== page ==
Blame for the flood of celebrity nude photos that hit the Internet has been rotating from the pervy hackers that ripped the pics, to Apple, to the creator of iBrute, but while the FBI and Apple continue to investigate the source of the leak, there’s one tool that has gone unmentioned: the police forensic tool that made it all possible.
One of the key elements behind the iCloud nudes leak is a piece of software created by Elcomsoft that allows attackers to impersonate a target’s iPhone and download its entire iCloud backup, and you don’t even have to be a cop to get it.
Apple flat-out denies that an iCloud security breach led to the trove of celebrity nudes that leaked over Labor Day weekend. “None of the cases we have investigated has resulted from any breach in any of Apple’s systems including iCloud or Find my iPhone,” said the company in a statement.
Private photos of stars like Jennifer Lawrence were posted on the internet over the weekend, and initial reports pinned the hack on a flaw in iCloud’s login security.
The idea behind Secret is that you can share anything to your social circle with the comfort of total anonymity. Users’ identities are kept hidden, and that’s what’s supposed to make the app enjoyable or whatever.
As it turns out, it’s not that hard to see who someone actually is on Secret. The catch is that you need their email address.
Step away from the light with Yosemite’s dark mode, photo Buster Hein
OS X Yosemite is the biggest visual overhaul Apple’s made to the Mac in years, but developers at WWDC seemed most excited about one tiny UI tweak – dark mode.
Beta testers eager to try out the the new OS X 10.10 feature were disappointed to find out it didn’t make it into the first Yosemite beta, but our friend Jean-David Gadina, from the DiskAid developers team, has done some digging into the OS X Yosemite beta and discovered a new file not present in Mavericks that can be manipulated to enable the hidden dark mode feature.
The exploit, which is called DoulCi (“iCloud” backward), has already been used thousands of times on locked iPhones and iPads around the world. It’s the work of a pair of anonymous hackers, who cracked Apple’s theft-deterrent measure by tricking lost or stolen iOS devices into thinking they are being reactivated by Apple’s servers.
When we originally posted about winocm’s magic iPad 2 that could boot between iOS 5, iOS 6 and iOS 7 at will, we said that “the elite skills necessary to hack your iPad to dual boot operating systems is beyond the ability of most of us mortals, and it’s unlikely winocm will ever make this process friendly for the everyman.”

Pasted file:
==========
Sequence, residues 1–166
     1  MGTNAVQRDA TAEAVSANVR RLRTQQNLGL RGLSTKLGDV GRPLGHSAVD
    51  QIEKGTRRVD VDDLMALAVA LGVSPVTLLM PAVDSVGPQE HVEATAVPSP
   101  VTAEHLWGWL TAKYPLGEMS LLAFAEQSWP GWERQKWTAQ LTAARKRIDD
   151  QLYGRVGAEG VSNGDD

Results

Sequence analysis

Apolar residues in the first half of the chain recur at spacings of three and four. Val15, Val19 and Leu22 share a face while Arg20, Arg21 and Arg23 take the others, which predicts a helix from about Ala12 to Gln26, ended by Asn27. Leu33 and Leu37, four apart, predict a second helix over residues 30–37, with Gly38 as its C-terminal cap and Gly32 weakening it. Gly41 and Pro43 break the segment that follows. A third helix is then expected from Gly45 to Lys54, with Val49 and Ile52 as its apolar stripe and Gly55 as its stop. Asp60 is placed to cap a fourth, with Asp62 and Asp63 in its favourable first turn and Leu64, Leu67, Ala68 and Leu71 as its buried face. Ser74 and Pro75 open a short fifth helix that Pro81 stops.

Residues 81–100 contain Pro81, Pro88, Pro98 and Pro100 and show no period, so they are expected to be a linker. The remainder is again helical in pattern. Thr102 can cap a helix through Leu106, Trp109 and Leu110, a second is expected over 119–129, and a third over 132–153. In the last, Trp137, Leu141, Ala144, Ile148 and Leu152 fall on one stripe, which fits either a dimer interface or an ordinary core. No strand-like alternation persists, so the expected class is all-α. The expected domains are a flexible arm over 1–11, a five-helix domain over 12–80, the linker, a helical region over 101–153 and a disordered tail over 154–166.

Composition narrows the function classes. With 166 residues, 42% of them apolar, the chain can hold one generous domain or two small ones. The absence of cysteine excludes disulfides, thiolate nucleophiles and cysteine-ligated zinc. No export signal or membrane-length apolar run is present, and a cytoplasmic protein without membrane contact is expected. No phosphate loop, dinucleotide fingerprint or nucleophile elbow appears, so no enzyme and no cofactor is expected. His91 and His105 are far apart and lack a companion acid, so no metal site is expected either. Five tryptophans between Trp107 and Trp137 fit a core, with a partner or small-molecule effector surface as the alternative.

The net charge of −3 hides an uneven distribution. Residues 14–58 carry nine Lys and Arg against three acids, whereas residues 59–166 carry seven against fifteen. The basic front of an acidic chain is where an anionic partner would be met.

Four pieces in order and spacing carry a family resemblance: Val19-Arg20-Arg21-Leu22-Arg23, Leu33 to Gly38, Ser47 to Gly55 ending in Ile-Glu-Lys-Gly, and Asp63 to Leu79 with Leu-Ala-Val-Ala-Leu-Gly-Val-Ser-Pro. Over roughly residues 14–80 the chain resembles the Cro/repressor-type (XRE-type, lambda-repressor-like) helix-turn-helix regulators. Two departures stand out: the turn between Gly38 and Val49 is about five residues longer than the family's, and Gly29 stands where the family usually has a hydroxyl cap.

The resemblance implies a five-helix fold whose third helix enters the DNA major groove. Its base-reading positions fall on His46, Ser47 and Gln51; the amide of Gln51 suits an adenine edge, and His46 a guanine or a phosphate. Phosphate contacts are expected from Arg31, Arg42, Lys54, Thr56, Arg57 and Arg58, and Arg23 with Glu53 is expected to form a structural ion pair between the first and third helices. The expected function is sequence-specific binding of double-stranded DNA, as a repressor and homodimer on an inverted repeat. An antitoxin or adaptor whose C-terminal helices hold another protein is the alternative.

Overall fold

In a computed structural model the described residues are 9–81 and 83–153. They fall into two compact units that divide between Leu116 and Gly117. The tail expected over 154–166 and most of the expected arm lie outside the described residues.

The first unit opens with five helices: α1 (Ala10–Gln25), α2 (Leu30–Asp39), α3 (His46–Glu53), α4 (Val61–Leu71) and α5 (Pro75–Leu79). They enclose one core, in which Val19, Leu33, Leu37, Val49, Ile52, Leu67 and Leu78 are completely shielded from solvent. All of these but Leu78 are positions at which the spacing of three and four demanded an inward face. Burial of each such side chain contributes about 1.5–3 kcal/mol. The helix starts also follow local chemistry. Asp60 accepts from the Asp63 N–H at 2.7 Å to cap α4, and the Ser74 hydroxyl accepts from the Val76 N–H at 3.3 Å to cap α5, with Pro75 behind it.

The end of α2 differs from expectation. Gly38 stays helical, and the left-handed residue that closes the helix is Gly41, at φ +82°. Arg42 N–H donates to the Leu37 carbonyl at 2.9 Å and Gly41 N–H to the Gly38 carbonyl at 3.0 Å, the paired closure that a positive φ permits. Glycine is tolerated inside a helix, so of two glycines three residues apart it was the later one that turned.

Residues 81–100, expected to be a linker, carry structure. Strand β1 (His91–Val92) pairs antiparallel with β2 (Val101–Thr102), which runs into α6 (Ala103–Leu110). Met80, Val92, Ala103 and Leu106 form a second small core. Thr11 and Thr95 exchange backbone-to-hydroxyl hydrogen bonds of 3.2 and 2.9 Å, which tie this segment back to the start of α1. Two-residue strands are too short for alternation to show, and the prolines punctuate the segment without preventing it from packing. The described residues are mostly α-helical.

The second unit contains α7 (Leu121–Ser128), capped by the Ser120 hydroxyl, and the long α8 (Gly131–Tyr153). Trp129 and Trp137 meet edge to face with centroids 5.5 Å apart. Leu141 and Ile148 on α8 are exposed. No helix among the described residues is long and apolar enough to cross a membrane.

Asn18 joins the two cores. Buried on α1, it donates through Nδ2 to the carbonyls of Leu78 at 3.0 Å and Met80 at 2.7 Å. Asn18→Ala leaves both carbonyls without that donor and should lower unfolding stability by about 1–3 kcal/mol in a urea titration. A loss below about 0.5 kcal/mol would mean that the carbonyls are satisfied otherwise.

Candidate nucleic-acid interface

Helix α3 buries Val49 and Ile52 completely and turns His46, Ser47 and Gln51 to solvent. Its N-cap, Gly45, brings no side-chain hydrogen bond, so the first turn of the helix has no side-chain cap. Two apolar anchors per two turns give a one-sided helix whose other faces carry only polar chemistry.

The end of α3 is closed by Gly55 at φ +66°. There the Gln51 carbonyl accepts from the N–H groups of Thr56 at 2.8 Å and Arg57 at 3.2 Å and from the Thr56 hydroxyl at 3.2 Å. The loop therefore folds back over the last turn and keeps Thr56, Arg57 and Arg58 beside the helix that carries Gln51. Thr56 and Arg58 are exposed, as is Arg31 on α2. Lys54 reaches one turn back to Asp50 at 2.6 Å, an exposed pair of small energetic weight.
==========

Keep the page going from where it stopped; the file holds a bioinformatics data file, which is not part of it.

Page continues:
Then, just yesterday, we took it all back: winocm wasgoing to release the hack that allowed him to dual boot operating systems on his iPad. Schizo-iPads would soon be available to everyone! We were wrong!
Today, though, winocm has released his hack, and guess what? It’s a bunch of github code that you need to have “elite skills… beyond the ability of most of us mortals” to install… definitely not a “process friendly for the everyman.”
When your Mac’s iSight camera is running, a tiny green light lets you know that it’s turned on. Or at least it’s supposed to. New research from Johns Hopkins University shows how hackers can remotely control the iSight camera in certain Macs without turning on the accompanying LED indicator light.
Apple just sent out an email announcing that it has a new System Status page for developers who want to track what’s going on with the still-down Dev Center after it was apparently hacked a couple of days ago.
The email apologizes for the “significant inconvenience” caused by the downtime, and assures developers that it’s been working non-stop to overhaul the systems behind the Dev Center, update server software, and rebuild the entire database now that it’s been compromised.
In addition, they’ve created a one-stop web page with the status of each specific service, noting whether the services in question are yet online or still off.
It looked like Apple’s website had been hacked by someone trying to obtain our personal data, but according to one security researcher, it was his discovery of 13 bugs in the system which prompted the company to take action.